A couple of breakfast recipes

Recipes Included on this page:
1. Hot Nutty Cereal
2. End-of-summer Veggie Scrambled Eggs

Some moms of diabetic kids have been asking me to get more breakfast ideas up on here, as breakfast really is the most difficult meal for people who are used to a standard american diet (aka SAD) to figure out recipes for. The one piece of advice I keep giving is:think outside the box. Americans are so used to eating these ridiculously high-carb/sugar breakfasts that have everyone, diabetic or not, falling asleep (after bouncing off the walls, in the case of some sugar-laden kids!) by mid-morning, as they have a sugar-spike and then crash. So many of these breakfast “foods” people are used to are highly processed stuff that comes in a box. Think cereals, muffins, toast, pop-tarts. Grains, grains, grains. I don’t care if they are organic, whole-grain, even sprouted grain, whatever:it’s ALL SUGAR when it hits your blood;all has the same effect. If you want your kids (or yourself, for that matter) to sustain level blood sugar, especially after breakfast, you want to feed them good fats and proteins. Fat is slow-burning energy that sustains, unlike carbohydrates that is fast-burning energy that spikes sugar (and insulin). Combining some good carbs (such as veggies and/or low-glycemic fruits) with good fats and protein will sustain energy for long periods. If a kid eats a good healthy breakfast, he or she should not need a snack until lunch (I notice it’s become standard practice for schools to give kids a snack around 9 or 10 in the morning, 2 or 3 hours after breakfast. These kids are eating sugary, high-carb breakfasts, then “starving” and eating more sugary high-carb snacks mid-morning. It’s crazy, but has become common practice in this country, unlike in many other places.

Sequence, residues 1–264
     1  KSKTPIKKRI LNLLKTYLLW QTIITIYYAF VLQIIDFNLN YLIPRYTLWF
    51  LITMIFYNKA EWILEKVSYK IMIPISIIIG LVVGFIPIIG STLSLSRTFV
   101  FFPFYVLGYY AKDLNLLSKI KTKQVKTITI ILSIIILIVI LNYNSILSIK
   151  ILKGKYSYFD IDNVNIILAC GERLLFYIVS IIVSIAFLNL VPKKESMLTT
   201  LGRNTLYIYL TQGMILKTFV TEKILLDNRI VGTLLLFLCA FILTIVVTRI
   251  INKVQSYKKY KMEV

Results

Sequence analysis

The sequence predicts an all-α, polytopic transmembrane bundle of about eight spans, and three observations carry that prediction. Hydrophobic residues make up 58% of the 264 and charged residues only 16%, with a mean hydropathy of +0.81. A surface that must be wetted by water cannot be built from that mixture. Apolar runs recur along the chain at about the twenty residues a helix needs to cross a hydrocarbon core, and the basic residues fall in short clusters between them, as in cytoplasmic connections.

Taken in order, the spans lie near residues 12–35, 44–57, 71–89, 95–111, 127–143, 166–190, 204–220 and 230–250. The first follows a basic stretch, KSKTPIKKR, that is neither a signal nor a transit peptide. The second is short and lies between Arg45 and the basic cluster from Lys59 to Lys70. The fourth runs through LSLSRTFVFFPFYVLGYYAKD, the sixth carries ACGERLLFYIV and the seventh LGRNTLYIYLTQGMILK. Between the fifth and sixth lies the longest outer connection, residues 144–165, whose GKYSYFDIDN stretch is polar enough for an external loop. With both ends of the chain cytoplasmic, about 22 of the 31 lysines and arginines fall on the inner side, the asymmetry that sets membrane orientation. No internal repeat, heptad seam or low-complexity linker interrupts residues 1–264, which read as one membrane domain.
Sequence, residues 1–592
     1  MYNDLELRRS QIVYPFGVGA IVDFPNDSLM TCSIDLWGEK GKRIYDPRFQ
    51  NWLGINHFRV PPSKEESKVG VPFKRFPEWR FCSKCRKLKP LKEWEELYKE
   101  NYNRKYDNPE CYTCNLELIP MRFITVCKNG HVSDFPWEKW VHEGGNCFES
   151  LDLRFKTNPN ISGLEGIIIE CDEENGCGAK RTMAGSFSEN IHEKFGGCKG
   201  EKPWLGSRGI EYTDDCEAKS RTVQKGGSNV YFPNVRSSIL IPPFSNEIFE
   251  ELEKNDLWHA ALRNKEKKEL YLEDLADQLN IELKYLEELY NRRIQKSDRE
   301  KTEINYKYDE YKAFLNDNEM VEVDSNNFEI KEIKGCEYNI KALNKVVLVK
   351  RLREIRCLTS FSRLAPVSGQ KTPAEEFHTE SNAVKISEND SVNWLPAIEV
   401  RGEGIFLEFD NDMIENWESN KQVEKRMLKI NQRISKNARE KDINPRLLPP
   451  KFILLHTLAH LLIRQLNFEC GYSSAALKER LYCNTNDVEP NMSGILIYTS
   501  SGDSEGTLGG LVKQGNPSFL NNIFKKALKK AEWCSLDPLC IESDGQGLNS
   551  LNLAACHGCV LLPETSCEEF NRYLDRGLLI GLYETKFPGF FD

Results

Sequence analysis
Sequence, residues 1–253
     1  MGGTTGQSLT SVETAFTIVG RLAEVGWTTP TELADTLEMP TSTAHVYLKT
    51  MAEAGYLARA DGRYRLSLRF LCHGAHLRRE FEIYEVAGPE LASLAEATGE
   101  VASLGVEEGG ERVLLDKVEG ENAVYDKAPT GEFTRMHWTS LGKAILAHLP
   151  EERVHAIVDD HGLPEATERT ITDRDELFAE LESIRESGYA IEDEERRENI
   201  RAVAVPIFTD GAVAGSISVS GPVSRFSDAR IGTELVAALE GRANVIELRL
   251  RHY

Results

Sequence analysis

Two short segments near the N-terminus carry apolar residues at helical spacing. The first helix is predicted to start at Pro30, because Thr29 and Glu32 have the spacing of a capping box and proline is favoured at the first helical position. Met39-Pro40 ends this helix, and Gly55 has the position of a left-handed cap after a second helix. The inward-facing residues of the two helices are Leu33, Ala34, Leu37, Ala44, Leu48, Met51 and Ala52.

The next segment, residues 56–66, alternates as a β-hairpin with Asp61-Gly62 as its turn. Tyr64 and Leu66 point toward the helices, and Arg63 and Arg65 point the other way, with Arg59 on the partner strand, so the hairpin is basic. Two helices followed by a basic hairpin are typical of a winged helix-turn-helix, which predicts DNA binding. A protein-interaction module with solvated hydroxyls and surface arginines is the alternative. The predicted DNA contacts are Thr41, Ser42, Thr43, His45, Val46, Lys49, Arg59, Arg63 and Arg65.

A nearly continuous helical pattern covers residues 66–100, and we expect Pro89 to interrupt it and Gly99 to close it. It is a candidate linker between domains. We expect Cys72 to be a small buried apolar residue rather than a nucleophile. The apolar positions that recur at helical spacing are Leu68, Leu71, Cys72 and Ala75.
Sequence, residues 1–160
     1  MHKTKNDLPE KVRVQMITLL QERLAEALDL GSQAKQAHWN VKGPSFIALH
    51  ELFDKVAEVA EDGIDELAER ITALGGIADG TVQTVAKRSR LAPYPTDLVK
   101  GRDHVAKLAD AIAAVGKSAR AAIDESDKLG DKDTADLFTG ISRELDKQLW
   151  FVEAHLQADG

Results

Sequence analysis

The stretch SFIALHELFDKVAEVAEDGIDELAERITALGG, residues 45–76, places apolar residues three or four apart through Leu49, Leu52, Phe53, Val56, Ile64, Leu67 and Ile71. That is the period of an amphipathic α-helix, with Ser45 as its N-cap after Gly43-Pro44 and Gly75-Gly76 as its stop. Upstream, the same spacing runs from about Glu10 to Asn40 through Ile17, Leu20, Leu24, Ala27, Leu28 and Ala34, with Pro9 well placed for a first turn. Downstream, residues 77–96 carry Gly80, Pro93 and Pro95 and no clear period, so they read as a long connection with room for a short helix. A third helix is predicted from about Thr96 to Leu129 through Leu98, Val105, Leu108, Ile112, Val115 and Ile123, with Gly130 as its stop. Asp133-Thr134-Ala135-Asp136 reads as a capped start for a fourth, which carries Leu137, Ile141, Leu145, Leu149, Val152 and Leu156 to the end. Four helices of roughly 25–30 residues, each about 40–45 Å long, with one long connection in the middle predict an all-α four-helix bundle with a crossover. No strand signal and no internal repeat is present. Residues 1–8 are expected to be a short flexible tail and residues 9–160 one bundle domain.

Anyway, here are a couple more breakfast ideas that have been big hits in our house:

I’ve seen many versions of this oatmeal (or cream-of-wheat) substitute. This is one I’ve put together after trial-and-error with many of them:

Hot Nutty Cereal

2 cups raw walnuts (soaked and dehydrated) (you could also use 1 cup almonds/1 cup walnuts)
1 small to medium apple, diced
2 T ghee and/or coconut oil
1 T cinnamon
1 to 2 tsp cardamom (optional)
3 cups home-made almond milk and/or whole-fat coconut milk (we use Thai brand organic, which you can now find in most supermarkets, definitely in co-ops)
1 T vanilla extract
stevia to taste

Process nuts in a food processor until pretty finely ground. Stir in the cinnamon, cardamom and stevia.
Meanwhile, saute the apple in the coconut butter/ghee, until soft.
Add the nut/spice/stevia mixture into the apples in the pan, and stir for a minute or so until coated with the  oil.
Reduce the heat and add almond/coconut milk and vanilla extract. Stir well, then reduce heat even more, to low.
Cook, uncovered, stirring as needed, until mixture thickens to your liking (usually about 15 minutes).
Serve warm. Sometimes we pour raw cream over it, just like we used to with oatmeal. Or add berries. It’s a very filling breakfast, with all the good nut fats and proteins. It’s good cold later, too (this recipe will serve 2, but you may have some leftover).
Keeps in the fridge for about 5 or 6 days.

********************************************************************************************************************

 

My daughter is not crazy about plain old scrambled eggs, but when we add things in, she loves them. This is just one of many ways we prepare them that makes her gobble them up, no problem:

End-of-summer Veggie Scrambled Eggs

For one serving:

2 eggs, beaten well
2 to 4 T of full-fat cream cheese (raw, cultured, if you can find it locally)